The US Navy debuts "Snakehead", an advanced unmanned submarine

It can launch from the dry deck shelters of nuclear submarines.
Ameya Paleja
The Snakehead UUV entered being lowered into waterUS Navy

Under development for many years, the U.S. Navy showcased its Snakehead Large Displacement Unmanned Undersea Vehicle (LDUUV) for the first time during a christening event at the Naval Undersea Warfare Center (NUWC) in Newport recently.

Even as aerial drones have made long developmental strides in terms of their range, endurance and firepower, undersea drones have comparatively lagged. The Defense Advanced Research Projects Agency (DARPA) has made some progress on its Manta-Ray UUVs. However, these drones are built for independent operations and are not under the direct command of submarine crews that take up covert operations with high risks.

Snakehead UUVs

The Snakehead UUVs are designed to address this shortcoming as they can be deployed from nuclear-powered submarines that are equipped with dry deck shelters. These are some of the largest undersea vehicles being built that can be deployed by a U.S. submarine. 

According to NUWC's press release, Snakehead is modular and can be reconfigured to support multiple missions. Equipped with a host of sensors, the UUV is primarily designed to perform Intelligence Preparation of the Operational Environment mission, a naval term for learning what lies ahead.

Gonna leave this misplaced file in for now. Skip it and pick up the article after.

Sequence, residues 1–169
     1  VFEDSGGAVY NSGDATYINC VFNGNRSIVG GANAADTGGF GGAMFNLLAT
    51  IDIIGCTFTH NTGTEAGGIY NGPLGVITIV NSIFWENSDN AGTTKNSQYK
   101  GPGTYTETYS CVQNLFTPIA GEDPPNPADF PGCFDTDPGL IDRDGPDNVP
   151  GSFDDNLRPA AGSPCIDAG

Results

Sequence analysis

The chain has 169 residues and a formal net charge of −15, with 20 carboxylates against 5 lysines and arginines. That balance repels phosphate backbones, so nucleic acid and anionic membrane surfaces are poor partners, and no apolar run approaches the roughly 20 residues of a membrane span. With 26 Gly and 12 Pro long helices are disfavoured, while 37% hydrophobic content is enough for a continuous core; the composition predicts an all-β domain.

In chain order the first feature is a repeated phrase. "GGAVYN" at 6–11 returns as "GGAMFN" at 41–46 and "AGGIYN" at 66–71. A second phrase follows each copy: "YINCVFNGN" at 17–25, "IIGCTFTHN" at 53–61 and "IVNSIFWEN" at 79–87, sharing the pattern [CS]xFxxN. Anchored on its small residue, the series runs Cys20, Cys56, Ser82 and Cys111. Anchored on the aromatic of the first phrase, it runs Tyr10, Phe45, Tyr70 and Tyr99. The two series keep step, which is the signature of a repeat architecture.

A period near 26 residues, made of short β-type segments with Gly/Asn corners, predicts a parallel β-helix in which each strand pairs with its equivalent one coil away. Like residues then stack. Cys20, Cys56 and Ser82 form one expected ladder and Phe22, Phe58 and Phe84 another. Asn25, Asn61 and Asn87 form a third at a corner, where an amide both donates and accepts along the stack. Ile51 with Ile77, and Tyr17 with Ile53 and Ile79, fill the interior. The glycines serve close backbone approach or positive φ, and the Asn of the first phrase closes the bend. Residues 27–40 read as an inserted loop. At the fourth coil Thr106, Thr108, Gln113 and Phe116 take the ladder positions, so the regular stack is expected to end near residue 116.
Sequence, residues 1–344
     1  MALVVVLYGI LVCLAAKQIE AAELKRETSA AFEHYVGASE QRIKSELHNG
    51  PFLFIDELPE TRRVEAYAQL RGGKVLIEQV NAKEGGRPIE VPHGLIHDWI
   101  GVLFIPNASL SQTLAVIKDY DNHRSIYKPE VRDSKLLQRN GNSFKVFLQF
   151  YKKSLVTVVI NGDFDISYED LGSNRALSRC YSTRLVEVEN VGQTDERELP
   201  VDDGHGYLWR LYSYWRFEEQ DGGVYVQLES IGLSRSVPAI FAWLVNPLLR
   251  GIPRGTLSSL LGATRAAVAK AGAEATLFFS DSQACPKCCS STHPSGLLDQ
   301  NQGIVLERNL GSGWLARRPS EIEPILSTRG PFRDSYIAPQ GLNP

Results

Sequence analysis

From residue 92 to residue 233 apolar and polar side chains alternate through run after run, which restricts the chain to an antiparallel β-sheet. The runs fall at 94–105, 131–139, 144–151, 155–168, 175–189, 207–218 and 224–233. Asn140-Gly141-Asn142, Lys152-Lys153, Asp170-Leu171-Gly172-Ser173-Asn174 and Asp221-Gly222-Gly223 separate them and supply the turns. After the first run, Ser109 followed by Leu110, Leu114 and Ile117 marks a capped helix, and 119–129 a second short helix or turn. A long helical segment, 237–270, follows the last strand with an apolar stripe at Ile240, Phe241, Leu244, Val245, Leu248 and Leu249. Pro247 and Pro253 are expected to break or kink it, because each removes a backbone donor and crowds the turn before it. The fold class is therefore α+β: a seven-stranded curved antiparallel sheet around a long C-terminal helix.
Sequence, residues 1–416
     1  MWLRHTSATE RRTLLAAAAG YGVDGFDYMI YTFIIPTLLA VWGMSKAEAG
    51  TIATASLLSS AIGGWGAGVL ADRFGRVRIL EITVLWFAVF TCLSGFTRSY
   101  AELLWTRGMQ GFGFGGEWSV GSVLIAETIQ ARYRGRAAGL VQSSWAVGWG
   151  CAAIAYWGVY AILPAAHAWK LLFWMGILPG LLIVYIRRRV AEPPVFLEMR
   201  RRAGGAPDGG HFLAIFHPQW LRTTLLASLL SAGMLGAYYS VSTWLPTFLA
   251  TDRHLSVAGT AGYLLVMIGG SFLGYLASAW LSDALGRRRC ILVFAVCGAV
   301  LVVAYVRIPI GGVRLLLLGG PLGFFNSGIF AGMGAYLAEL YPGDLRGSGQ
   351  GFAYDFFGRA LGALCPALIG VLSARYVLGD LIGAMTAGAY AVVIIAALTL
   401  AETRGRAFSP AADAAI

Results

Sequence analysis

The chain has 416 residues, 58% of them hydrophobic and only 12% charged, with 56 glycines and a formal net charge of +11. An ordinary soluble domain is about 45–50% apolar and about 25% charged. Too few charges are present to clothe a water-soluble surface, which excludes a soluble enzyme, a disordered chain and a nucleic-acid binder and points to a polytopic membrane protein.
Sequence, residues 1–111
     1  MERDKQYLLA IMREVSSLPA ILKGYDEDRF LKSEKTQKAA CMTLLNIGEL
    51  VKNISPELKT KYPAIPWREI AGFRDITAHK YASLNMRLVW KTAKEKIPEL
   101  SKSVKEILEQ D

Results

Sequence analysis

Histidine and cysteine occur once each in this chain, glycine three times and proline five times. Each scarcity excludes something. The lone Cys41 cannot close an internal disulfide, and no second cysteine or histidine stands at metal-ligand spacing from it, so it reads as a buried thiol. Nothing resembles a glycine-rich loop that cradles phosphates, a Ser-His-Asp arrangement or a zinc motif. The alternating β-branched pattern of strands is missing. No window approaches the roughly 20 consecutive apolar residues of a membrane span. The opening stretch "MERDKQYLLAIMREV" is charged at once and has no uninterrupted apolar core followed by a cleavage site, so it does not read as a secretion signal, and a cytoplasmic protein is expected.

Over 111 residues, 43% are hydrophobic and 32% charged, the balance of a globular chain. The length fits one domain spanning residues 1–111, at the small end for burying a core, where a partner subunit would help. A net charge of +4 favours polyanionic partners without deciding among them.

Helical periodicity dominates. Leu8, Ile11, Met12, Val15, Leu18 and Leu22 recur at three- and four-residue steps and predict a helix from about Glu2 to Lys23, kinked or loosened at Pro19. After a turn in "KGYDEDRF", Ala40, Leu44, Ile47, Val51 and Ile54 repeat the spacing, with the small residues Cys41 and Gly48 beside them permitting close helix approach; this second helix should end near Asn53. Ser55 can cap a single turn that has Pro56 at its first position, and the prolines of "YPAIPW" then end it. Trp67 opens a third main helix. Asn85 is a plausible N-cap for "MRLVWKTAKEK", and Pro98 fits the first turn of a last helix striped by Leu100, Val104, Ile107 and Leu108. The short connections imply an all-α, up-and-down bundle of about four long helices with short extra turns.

Since submarines operate in highly hostile environments, a UUV that can be launched at will can help the crew survey the area for threats from a safe distance. During not so hostile conditions, it could also be deployed to search for sunken objects such as missing planes in adversarial territories. 

Proprietary Government Architecture

While it is common to see new technologies being developed by privately owned dedicated defense companies, the Snakehead UUV is built using government-owned architecture and vehicle software, NUWC said in its press release.

The UUV design also includes technological innovations with regards to hull materials, launch and recovery methods from the submarine as well as the lithium-ion batteries that will power the drone.  According to The Drive, Snakehead is powered by Lithium-ion Fault Tolerant (LiFT) batteries that prevent cascading cell failure enabling mission completion as well as safety of personnel and equipment. 

The development of the LDUUV has faced many trials and tribulations over its 14-year development history and the christening ceremony paves the way to test the drone's capabilities in the water, the press release added. 

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